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Category: Region

A Much-Needed Win for Moms and Babies: the Global Malnutrition Prevention and Treatment Act

Photo Credit: USAID

Nutrition plays a foundational role in a child’s development and her country’s ability to prosper. It is why several of the world’s leading economists have called for greater investments in the nutrition and well-being of mothers, babies, and toddlers as a way to create brighter and more prosperous futures for us all.

On September 20, 2022, the Senate passed the Global Malnutrition Prevention and Treatment Act (H.R. 4693) a lifesaving bill that will positively impact tens of millions of women and young children especially in their 1,000-day window, the time between pregnancy and the baby’s second birthday. This is the precious window of opportunity that enables all children to reach their full potential. When children are well nourished, cared for, and protected from disease, violence and toxic stress, they have the best chance at a thriving future. And when children get a strong start, we all benefit.

About the bill

The legislation will support countries in their efforts to prevent the current 2.6 million childhood malnutrition-related deaths worldwide, approximately 150 million children with stunted development, and the 13.6 million children globally under the age of 5 experiencing wasting because they do not have adequate nutrition.

The Global Malnutrition Prevention and Treatment Act, led by the U.S. Agency for International Development (USAID) and non-governmental organizations (NGOs) like 1,000 Days dedicated to preventing and treating malnutrition, makes nutrition an even higher priority by establishing a five-year strategy to institute precise and targeted reforms in U.S. global nutrition programs. It prioritizes investments in high-impact nutrition programs, such as prenatal vitamins, fortifying foods with essential nutrients (like Vitamin D, iron, and iodine), providing young children with vitamin A supplementation, supporting new mothers to breastfeed, and lifesaving treatment for severely malnourished children.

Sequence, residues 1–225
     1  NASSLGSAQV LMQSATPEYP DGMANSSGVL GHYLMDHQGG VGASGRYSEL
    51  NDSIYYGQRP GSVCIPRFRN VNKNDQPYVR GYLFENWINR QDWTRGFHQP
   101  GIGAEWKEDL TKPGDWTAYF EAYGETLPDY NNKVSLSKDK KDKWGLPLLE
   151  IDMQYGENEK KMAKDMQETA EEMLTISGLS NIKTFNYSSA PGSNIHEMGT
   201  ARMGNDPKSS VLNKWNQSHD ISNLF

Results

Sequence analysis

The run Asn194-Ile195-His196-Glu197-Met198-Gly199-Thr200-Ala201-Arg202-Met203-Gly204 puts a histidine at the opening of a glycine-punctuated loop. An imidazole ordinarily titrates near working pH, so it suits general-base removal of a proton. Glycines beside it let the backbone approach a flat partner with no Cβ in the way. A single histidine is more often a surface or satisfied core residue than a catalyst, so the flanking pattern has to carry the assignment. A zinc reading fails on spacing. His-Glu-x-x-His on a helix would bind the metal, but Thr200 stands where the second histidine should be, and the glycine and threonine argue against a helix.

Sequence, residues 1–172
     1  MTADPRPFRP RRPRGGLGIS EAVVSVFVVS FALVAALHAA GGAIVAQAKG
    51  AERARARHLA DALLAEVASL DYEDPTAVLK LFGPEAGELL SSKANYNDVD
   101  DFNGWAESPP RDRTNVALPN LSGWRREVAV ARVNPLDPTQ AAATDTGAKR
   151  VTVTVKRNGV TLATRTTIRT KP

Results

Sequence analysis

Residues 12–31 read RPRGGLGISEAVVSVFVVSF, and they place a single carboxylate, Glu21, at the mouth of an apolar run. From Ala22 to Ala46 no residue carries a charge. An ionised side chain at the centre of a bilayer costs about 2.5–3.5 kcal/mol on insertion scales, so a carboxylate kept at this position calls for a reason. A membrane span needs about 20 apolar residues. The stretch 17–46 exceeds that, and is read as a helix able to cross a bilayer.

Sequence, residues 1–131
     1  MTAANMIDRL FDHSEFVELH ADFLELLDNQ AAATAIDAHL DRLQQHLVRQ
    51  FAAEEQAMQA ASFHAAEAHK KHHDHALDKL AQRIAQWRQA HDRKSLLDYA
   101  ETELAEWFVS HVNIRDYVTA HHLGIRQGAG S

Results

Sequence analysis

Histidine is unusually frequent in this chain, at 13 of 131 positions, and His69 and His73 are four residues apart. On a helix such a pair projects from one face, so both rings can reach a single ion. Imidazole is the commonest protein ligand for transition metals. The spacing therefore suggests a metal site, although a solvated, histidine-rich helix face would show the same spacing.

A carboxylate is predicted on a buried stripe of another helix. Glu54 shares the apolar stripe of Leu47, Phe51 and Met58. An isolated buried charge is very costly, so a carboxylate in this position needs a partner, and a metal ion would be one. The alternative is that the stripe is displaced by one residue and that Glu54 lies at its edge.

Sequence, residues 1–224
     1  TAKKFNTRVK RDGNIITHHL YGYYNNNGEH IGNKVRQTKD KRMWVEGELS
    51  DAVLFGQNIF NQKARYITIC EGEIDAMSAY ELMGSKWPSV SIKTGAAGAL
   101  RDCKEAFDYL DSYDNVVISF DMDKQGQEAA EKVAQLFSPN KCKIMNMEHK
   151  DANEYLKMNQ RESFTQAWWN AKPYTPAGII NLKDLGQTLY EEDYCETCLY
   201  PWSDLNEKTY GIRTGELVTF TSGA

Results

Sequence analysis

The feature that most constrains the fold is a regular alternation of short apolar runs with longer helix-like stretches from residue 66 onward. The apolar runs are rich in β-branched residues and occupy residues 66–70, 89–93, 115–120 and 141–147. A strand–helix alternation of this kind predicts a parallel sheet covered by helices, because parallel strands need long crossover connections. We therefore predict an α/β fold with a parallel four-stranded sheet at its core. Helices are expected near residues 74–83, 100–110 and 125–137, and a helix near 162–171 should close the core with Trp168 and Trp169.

With this bill, the USAID administrators will be able to scale up the prevention and treatment of global malnutrition and coordinate with relevant public and private partners on these efforts. A Nutrition Leadership Council will be established with representatives from relevant inter- and intra-agency offices to coordinate USAID’s efforts and ensure effective use of taxpayer dollars. The USAID administrators will select priority countries to receive prioritized nutrition assistance and develop clear goals for increasing coverage of high-impact, evidence-based nutrition programs. USAID will be required to submit an annual report to Congress on the progress made toward preventing and treating global malnutrition.

“With the passing of this legislation, we believe the effectiveness of these nutrition programs can be significantly increased with greater strategic vision, accountability, integration, and coordination,” said Blythe Thomas, 1,000 Days of FHI Solutions Initiative Director.

The power to change lives

For example, large-scale vitamin A supplementation has played a major role in decreasing Senegal’s under-five mortality rate from 59 to 37 per 1,000 live births in 5 years. In Nepal through the Suaahara II program, USAID increased the rate of exclusive breastfeeding in supported communities from 45% to 71% in 5 years.

This Global Malnutrition Prevention and Treatment Act is an investment in the future of many lives and aims to address malnutrition at the core so that our most vulnerable populations have access to proper nutrition for continued health throughout the lifespan. As Congresswoman Chrissy Houlahan (D-PA) stated “investing in global nutrition translates to lives saved.”

With both the House and Senate passage, we enthusiastically await the legislation being signed into law by President Biden.

1,000 days is proud to have supported this lifesaving bill and will continually engage with USAID and our partners as the act is implemented.

New Peer-Reviewed Series Reinforces Powerful 1,000-Day Window in U.S.

The “1,000-day window” as an organizing agenda is a new and relatively unknown concept in the United States despite its established role in global health. But, there is opportunity to unite public health communities through the relevant, compelling framework.

We believe further focus on creating the best conditions for families in their 1,000-day window can change the trajectory of the path we’re on. We seek to present a comprehensive picture of the state of the science, research needs, and a policy agenda for optimal maternal and child health in the United States through a dedicated series in the American Journal of Public Health (AJPH).

Three papers were released at 4 p.m. ET September 19, 2022 (and can be found below once published). The full series will be released October 26, 2022 on the AJPH website.

Q&A with Dr. Kofi Essel: AJPH Special Series on Nutrition in the 1,000-Day Window

An interview with Dr. Kofi Essel, Community Pediatrician, Children’s National Hospital

What inspired you to become a pediatrician?

I always found the field of pediatrics to be a very fertile ground.  Families are interested in the wellbeing of their children, doing whatever it takes to improve the health of the next generation.  This made my clinical experiences very positively reinforcing as we engaged in effective, shared decision-making.  In addition, my mentors in my early training were all pediatricians and huge community advocates.  I knew I wanted my career to expand beyond the clinical examination room, and I found the opportunity to advocate for marginalized young children and families to be meaningful and necessary.